Before viewing this tutorial you should first view the ERIC tutorial OR the ERIC-Learning Badge tutorial that discuss the basics of searching ERIC using keywords rather than subjects.
Upon completion of this tutorial, you will be able to:
You read the description of the Thesaurus at the beginning of this tutorial but what does it mean or what does it look like?
Each source in ERIC is described using ERIC defined subjects. They look like keywords, but subjects are "official" terms that experts believe are the most important & frequently used words in the field of education. Because of this they are used to describe the information in a source indexed in ERIC.
The Thesaurus is an important tool used to identify subjects in ERIC. Using those terms help focus & ensure what is found is actually about your topic. Allow the Thesaurus to search for subjects and find sources relevant to your topic.
To illustrate the differences between keyword & subject searching, read the descriptions of each and then compare the results of each of the searches using the same topic.
Keyword searching is so much easier because you type the words you want searched into the search boxes. Like Google it is quick & easy but sometimes your results look like Google too.
Many sources are found because the system looks for the keyword anywhere & everywhere. If the keyword is found, a record of the source is retrieved.
Look at the results on a single keyword search of 'mathematics'.
Keyword search: mathematics - 93,477 items
We saw what the results were for a keyword search, now let's look at subject searching.
Subject searching using the Thesaurus finds & retrieves fewer items because only the subject field of the source record is searched. When you match and search your keyword to an ERIC subject you have decreased the search time but increased your ability to find items focusing on your topic.
This time the search is completed using the ERIC subject 'mathematics' found in the Thesaurus. Compare the results of the subject search with those of the keyword search.
Subject search: mathematics - 10,235 items
The number of items identified and retrieved is considerably fewer but that is not the only difference.
ASU Library homepage [https://lib.asu.edu] in the right window offers 3 easy options...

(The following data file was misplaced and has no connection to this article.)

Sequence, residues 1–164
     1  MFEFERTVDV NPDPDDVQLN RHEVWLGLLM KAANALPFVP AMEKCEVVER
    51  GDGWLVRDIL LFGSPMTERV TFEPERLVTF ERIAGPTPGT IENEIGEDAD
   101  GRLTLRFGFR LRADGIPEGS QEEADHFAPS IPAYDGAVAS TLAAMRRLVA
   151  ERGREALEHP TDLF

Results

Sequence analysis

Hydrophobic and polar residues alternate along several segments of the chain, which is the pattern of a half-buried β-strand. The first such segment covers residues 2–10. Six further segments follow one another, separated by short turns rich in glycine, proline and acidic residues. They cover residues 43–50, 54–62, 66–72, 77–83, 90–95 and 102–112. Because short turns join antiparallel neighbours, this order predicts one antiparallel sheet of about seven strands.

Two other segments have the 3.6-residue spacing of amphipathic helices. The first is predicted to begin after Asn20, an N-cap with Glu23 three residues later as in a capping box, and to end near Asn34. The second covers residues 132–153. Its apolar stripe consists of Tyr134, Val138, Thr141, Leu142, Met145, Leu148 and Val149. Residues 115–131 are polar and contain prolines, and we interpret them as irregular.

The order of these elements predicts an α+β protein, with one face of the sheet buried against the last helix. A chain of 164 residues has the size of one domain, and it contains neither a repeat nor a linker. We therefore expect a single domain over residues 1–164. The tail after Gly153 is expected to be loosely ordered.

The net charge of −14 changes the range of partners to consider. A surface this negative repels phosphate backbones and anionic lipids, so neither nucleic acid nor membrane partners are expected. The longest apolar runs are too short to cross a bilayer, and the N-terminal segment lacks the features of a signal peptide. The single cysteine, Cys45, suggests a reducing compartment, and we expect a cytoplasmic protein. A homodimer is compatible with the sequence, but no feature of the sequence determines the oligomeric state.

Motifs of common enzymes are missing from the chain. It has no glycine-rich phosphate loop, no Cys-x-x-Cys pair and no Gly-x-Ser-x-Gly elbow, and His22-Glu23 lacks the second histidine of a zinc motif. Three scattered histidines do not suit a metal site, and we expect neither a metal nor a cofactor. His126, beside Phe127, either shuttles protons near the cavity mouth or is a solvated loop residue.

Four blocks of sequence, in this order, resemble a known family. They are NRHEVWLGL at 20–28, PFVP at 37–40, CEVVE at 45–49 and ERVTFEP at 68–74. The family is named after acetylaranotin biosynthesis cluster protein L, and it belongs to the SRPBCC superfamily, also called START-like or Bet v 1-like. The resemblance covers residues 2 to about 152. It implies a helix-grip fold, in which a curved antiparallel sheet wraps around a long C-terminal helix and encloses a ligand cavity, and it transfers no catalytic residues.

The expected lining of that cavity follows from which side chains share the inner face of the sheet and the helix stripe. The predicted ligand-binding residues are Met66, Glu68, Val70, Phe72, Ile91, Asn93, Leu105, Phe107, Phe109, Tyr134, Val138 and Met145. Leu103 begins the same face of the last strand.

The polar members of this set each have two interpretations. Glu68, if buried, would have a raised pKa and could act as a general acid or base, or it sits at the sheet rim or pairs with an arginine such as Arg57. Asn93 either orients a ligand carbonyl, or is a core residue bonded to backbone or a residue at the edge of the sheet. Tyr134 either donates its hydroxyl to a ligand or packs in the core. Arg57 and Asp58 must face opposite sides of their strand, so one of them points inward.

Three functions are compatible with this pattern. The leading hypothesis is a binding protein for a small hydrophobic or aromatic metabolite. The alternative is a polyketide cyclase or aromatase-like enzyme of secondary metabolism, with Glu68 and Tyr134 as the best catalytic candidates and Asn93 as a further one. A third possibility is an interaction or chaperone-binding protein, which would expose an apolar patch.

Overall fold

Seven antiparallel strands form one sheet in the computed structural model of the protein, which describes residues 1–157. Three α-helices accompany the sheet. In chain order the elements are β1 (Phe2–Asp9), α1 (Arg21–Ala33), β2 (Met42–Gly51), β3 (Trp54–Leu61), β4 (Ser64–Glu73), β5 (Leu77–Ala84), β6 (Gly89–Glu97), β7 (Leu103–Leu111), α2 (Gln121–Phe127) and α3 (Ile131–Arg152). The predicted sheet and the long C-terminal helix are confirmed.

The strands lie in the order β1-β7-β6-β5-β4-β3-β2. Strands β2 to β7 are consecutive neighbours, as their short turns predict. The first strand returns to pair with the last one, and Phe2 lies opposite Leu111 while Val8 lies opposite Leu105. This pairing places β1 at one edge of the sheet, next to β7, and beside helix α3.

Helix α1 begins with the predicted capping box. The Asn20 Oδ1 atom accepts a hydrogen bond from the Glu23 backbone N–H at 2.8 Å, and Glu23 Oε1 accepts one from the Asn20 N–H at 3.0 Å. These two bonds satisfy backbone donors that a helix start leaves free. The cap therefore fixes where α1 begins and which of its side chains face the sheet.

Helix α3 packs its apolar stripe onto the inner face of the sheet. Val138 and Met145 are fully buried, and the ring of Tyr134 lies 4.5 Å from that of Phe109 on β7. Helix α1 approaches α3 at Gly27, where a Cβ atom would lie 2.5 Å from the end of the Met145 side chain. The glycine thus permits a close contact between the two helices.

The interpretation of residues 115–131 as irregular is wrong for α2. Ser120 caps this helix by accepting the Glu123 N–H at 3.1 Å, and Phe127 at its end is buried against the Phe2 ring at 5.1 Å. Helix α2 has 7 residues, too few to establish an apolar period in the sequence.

1- Under "Frequently Used Resources" click on ERIC OR
2- Click on "Research Databases" in the FIND menu; from the alphabetical list click on 'E' and scroll down until you see ERIC. Click CONNECT. OR
3- Select "Research Databases" from Quick Links menu & follow instructions in #2
If you are off campus you need to enter your ASURITE ID and password for each of these options.
To get started, click on the ERIC link under "Frequently Used Resources" now so it is open and ready to search.
Before searching the Thesaurus, you must have a research question in mind. We'll try this one:
How can technology prepare children for starting school?
The next step in the process is to identify the main ideas or concepts in the question. These look relevant:
Now we are ready to search. Click on the Thesaurus link above the search boxes. A pop-up window show open. This window can be moved around the screen to allow you to see the instructions on the left side of the screen.
Turns out 'impact of technology' is not a subject but 'influence of technology' is the subject used for it and 'computer influences'.
Before looking at additional subjects, check the box by 'influence of technology'.
Next, scroll through the list of possible subjects. Put a check in the box next to computer use, computer literacy, computer attitudes and technological literacy and click on the "Add to Search" button at the bottom of the screen. Once you have clicked on this button the pop-up will disappear until you click on the Thesaurus link again.
Starting school is the 3rd idea in this search but it isn't something to search. Thinking about that concept, school readiness sounds like a possibility.
With this Thesaurus search, 'readiness', 'learning readiness' and 'school readiness' are found. Click the check box to the left of each of the 3 subjects mentioned above.